On April 14, 2010 a volcanic eruption at Eyjafjallajökull created an ash cloud which caused enormous disruption to air travel across western and northern Europe. One year on, Volker Muench, member of the Chief Underwriting Office for Property at Allianz Global Corporate & Specialty, discusses the impact of this event on the global insurance market.
The ash cloud was a unique event, what are the key things that insurers and their clients have learnt from this?
Volker Muench: The main thing that insurers and clients have learned is that there are certain situations, and not necessarily typical perils such as earthquakes, floods or windstorms, that can interrupt businesses across huge geographical regions. What is hugely important is that we are more perceptive to interruptions to the supply chain. Our customers rely on continuous streams of supplies reaching their businesses and their clients, the volcanic ash cloud prevented many of our clients from accessing supplies that are critical to their business. We can see exactly the same thing now happening in Japan - the dependency on supply chains is increasing tremendously.
What were the insurance implications of this event?
Muench: At the time of the event there was virtually no cover available as standard business interruption policies do not cover non–physical damage. The primary interruption was a result of the air space authorities’ decision to make flight paths unavailable; this had a knock-on effect on business across Europe.
Looking at how this affects industrial lines insurance, in addition to classical property damage and business interruption cover, the insurance industry needs to go one step further to create products, be it insurance cover or alternative risk transfer solutions, which focus more closely on the needs of large clients with international distribution networks.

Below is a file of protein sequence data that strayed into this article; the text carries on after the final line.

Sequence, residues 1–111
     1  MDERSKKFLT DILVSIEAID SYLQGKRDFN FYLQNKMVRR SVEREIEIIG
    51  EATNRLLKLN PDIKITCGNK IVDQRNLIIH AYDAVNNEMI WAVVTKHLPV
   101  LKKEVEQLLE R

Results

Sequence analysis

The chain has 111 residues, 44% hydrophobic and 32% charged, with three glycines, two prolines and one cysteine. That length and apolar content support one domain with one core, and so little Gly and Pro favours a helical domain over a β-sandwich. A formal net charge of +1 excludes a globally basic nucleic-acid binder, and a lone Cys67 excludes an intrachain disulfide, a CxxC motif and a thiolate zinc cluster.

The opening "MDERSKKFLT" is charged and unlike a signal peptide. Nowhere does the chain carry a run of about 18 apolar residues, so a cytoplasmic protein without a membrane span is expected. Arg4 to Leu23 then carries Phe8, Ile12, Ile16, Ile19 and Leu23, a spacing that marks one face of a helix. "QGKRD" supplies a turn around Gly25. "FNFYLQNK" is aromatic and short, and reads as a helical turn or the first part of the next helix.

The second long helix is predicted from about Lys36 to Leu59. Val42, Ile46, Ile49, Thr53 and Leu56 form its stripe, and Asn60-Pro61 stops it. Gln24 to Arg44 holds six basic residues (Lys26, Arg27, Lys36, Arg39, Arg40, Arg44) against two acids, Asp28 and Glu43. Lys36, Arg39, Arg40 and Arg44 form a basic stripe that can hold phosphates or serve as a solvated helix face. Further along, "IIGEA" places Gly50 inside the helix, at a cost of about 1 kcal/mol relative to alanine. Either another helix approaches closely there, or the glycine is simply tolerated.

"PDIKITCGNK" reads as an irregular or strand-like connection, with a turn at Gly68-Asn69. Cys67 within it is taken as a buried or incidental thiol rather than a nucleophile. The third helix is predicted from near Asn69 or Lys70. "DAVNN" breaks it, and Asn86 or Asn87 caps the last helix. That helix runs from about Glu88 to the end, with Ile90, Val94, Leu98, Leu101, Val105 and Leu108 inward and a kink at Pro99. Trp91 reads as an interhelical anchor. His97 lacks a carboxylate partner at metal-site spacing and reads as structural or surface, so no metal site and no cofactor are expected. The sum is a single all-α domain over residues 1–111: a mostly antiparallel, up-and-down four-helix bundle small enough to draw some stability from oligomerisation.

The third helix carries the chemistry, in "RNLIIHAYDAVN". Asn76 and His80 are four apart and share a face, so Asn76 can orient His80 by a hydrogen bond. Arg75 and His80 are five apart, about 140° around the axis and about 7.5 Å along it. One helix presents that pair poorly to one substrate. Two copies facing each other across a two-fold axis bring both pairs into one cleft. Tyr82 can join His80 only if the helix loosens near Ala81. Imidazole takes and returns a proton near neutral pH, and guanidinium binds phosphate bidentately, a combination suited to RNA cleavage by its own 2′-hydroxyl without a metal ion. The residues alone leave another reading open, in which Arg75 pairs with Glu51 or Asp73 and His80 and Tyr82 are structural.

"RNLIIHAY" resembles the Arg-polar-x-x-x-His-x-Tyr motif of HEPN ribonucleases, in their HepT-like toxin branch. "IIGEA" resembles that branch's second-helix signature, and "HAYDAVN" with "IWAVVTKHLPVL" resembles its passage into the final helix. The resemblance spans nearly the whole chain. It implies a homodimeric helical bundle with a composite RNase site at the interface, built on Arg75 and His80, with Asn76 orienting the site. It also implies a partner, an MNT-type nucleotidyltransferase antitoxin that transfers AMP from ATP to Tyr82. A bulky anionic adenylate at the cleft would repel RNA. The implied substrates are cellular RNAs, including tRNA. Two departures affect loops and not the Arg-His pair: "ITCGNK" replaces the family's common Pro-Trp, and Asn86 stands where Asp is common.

This challenge will determine the future direction of industrial insurance – what solutions can we offer outside of traditional insurance policies? The ash cloud event was a wake-up call for large companies. They realized that they need sufficient balance sheet protection as some events are unavoidable.
How did businesses cope with this disruption?
Muench: It was clear that smaller commercial lines clients were less prepared. To a certain extent large clients are always prepared for general supply interruptions but not necessarily for an ash cloud. Contingency planning for general supply interruptions is standard when it comes to drawing up business continuity plans. Did companies have an answer for an event of this magnitude? Most likely not. Business continuity planning tends to focus more on traditional problems like power outages or a supplier going out of business, not on a whole region being inaccessible. The ash cloud was unique and its widespread impact could not have been predicted.
How much did this event cost the European economy?